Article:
CapaCiTi & Allan Gray Makers encourage entrepreneurship

Allan Gray Makers Initiative is a South African programme funded by the Allan Gray Orbis Foundation Endowment (Endowment). The initiative partnered with CapaCiTi to run a pilot programme that aims to provide transferable entrepreneurial skills and support to youth who are pursuing or are being trained in a technical or vocational trade outside of university.

The Endowment and CapaCiTi are both driven to make an impact on youth unemployment. They seek to improve potential social mobility and provide access to programmes and content that are often prohibitively expensive or inaccessible to candidates from poor socio-economic backgrounds in a meaningful and enriching way.

“When the Endowment approached CapaCiTi to pilot their entrepreneurial development programme with our candidates, we found symmetry in values and delivery methodology,” says CapaCiTi Head of Curriculum, Chanel Oldfield.

Where technical talent meets entrepreneurial spirit

The programme hopes to increase the number of responsible entrepreneurs starting and growing sustainable, responsible businesses in technical or vocational trades.

“Through this, the programme aims to add value to society by creating more meaningful employment opportunities for others, providing value-adding products and services to society and growing the economy,” says programme analyst Tebogo Bore.

She goes on to explain that, “its mission is to reduce poverty and inequality in South Africa by supporting, investing in and increasing the number of responsible entrepreneurs who embody the values and behaviours of ethical leadership and are leveraging their vocational skills for the benefit of society.”

The programme’s pilot participants will be student cohorts at partner training institutions, who are being trained in artisanal (electricians, plumbers, boilermakers etc.) or digital (e.g. coding) trades.

Partnership with CapaCiTi

The Endowment approached CapaCiTi as their inaugural partner institutions. This partnership was formalised in February 2020 and has been the basis for implementing entrepreneurial training to a student cohort, over the next 6 months.

“It made sense for CapaCiTi to provide an opportunity for our candidates to access content that would ignite their entrepreneurial spirit and allow them to learn how to identify inefficiencies and possibly fill those gaps with their own potential and newly learnt tech skills with viable business options.”

All CapaCiTi programmes incorporate a “critical skills for work” component to their curriculum. A part of this curriculum includes goal setting, self-awareness and problem-solving.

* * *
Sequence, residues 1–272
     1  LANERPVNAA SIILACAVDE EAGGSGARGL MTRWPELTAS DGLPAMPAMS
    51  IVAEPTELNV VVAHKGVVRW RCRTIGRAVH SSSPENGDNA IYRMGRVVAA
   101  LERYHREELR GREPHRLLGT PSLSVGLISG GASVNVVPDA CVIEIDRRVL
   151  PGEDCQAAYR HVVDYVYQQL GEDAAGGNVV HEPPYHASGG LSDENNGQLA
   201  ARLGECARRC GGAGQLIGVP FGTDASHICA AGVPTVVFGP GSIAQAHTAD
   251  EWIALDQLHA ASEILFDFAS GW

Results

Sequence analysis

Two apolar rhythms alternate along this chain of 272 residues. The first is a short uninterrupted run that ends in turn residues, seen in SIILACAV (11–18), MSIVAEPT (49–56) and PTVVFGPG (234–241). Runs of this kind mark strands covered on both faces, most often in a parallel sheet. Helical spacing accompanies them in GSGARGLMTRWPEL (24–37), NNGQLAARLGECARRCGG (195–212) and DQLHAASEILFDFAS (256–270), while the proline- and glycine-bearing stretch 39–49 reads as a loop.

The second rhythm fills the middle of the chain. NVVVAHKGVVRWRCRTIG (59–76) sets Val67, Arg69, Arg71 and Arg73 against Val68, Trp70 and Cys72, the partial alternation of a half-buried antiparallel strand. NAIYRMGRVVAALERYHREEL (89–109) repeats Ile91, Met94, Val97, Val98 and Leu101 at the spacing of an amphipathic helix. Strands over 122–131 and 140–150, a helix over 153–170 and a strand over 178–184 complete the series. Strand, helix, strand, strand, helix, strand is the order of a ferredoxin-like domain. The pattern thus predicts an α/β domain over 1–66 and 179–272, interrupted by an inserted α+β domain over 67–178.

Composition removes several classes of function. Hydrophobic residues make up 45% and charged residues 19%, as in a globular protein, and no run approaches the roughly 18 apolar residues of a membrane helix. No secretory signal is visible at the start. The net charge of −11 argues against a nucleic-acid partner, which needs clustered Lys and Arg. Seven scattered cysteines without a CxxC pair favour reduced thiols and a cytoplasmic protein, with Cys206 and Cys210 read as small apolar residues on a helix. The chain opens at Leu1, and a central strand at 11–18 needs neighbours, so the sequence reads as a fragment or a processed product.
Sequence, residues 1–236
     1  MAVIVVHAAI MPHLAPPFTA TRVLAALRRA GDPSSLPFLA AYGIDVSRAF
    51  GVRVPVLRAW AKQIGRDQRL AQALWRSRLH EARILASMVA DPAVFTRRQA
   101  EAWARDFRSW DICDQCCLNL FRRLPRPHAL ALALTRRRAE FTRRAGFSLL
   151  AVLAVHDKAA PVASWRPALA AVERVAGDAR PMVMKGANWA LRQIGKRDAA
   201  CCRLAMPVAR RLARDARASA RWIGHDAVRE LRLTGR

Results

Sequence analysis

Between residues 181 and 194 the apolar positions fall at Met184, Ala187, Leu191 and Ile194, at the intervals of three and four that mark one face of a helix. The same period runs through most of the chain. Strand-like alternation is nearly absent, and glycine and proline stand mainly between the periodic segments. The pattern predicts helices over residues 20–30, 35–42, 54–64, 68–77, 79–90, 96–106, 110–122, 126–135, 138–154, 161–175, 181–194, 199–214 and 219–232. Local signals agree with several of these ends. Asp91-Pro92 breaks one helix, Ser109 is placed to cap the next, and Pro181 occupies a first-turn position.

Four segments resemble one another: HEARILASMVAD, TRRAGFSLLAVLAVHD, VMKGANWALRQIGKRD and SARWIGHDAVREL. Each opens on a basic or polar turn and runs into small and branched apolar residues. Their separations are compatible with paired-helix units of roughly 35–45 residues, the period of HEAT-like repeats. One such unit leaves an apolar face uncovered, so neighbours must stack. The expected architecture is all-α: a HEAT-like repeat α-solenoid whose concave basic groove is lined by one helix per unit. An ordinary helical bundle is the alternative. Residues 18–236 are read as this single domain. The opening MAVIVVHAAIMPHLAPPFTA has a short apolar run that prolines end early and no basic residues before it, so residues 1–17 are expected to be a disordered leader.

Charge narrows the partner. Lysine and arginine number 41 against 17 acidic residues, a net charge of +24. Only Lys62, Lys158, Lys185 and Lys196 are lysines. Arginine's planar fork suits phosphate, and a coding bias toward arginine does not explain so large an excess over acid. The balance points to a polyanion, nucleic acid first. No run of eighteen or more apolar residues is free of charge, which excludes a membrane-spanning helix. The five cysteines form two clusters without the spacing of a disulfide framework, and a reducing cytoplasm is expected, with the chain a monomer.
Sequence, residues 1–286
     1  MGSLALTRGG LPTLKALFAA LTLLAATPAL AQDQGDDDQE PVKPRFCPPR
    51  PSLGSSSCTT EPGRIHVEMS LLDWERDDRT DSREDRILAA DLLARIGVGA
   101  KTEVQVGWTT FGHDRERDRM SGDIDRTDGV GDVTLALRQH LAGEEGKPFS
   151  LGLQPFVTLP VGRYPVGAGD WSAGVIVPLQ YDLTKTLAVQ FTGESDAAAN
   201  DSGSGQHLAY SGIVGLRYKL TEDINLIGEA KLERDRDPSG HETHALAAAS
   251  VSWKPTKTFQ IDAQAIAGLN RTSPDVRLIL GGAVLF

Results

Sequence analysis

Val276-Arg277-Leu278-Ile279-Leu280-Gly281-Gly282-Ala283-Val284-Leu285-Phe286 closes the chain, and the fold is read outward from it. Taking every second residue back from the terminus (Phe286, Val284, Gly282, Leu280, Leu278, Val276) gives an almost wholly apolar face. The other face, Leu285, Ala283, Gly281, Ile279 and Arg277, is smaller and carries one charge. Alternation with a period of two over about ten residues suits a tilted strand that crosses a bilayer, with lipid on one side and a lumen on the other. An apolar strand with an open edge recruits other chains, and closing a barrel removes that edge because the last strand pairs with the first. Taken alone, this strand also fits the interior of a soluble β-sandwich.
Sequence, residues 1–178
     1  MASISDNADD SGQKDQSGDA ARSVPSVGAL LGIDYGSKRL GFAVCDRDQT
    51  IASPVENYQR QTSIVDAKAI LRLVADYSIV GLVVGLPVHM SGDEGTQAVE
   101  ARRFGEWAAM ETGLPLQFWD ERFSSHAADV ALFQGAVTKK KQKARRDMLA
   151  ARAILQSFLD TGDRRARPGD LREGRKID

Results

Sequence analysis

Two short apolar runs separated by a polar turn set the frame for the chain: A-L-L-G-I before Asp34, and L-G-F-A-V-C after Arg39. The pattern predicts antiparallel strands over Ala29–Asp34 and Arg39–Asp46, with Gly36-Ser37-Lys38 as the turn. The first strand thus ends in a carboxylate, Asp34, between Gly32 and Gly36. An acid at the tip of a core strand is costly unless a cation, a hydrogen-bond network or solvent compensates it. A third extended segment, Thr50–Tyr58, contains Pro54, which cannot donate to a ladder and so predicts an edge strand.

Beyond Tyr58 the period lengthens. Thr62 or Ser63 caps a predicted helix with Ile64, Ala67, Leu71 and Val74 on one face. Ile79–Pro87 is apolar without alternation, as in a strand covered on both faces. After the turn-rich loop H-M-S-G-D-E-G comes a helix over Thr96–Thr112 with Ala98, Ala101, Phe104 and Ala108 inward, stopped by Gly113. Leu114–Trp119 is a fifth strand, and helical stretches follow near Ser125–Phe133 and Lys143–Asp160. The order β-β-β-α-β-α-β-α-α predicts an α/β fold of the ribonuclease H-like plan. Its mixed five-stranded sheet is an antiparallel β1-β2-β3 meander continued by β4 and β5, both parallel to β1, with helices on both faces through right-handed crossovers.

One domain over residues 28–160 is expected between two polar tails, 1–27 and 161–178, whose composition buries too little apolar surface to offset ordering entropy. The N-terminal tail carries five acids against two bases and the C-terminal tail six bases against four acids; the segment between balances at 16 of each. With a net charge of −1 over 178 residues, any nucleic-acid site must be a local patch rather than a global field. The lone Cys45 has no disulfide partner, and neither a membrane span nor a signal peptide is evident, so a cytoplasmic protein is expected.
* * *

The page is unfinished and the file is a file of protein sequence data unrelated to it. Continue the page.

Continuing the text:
“By partnering with the Endowment, we are able to enhance this curriculum by allowing candidates additional ways to explore these skills through action learning and knowledge transfer,” says Chanel.

“We allow the candidates to develop their tech skills through our work simulation methodology and continue to develop their personal skills through exploring our job critical skills content and the entrepreneurship content; ultimately it is an extension of exploratory learning that allows the candidates to have a variety of experiences better equipping them for the world of work.”

Fiona Tabraham, CEO of CapaCiTi, said the Digital Career Accelerator is excited to partner with The Endowment.

“The initiative is a fantastic opportunity that gives our youth the best possible chance of succeeding in their next career move. The South African job landscape is challenging, especially for our youth. We believe that a range of skillsets including employability skills, technical skills and entrepreneurial skills will give them a far greater chance of success.”

The benefits of participating in the programme

There are several benefits to participating in the Allan Gray Makers programme. Some of these include:

  • Exposure and practical access to the world of entrepreneurship
  • Acquiring transferable and critical problem-solving skills that are applicable to a corporate environment or an entrepreneurial career path
  • Personal development through establishing a better understanding of who you are and what drives you, which is beneficial despite the career path you follow
  • The opportunity to be part of a business incubator and life-long entrepreneurial fellowship community to help accelerate and grow one’s business.

The participants also get exposure to a network of established entrepreneurs making an impact in the industry. One of them is Ntsako Mgiba, the CEO and co-founder of Jonga, a Cape Town-based technology company that provides affordable & effective security systems.

Ntsako, who has a big passion for people and technology, shared advice for the early-stage entrepreneurs and encouraged them to think bigger than the product they’re trying to sell.

“The product is just the tip of the iceberg… Fall out of love with your idea and fall in love with the problem you’re trying to solve.”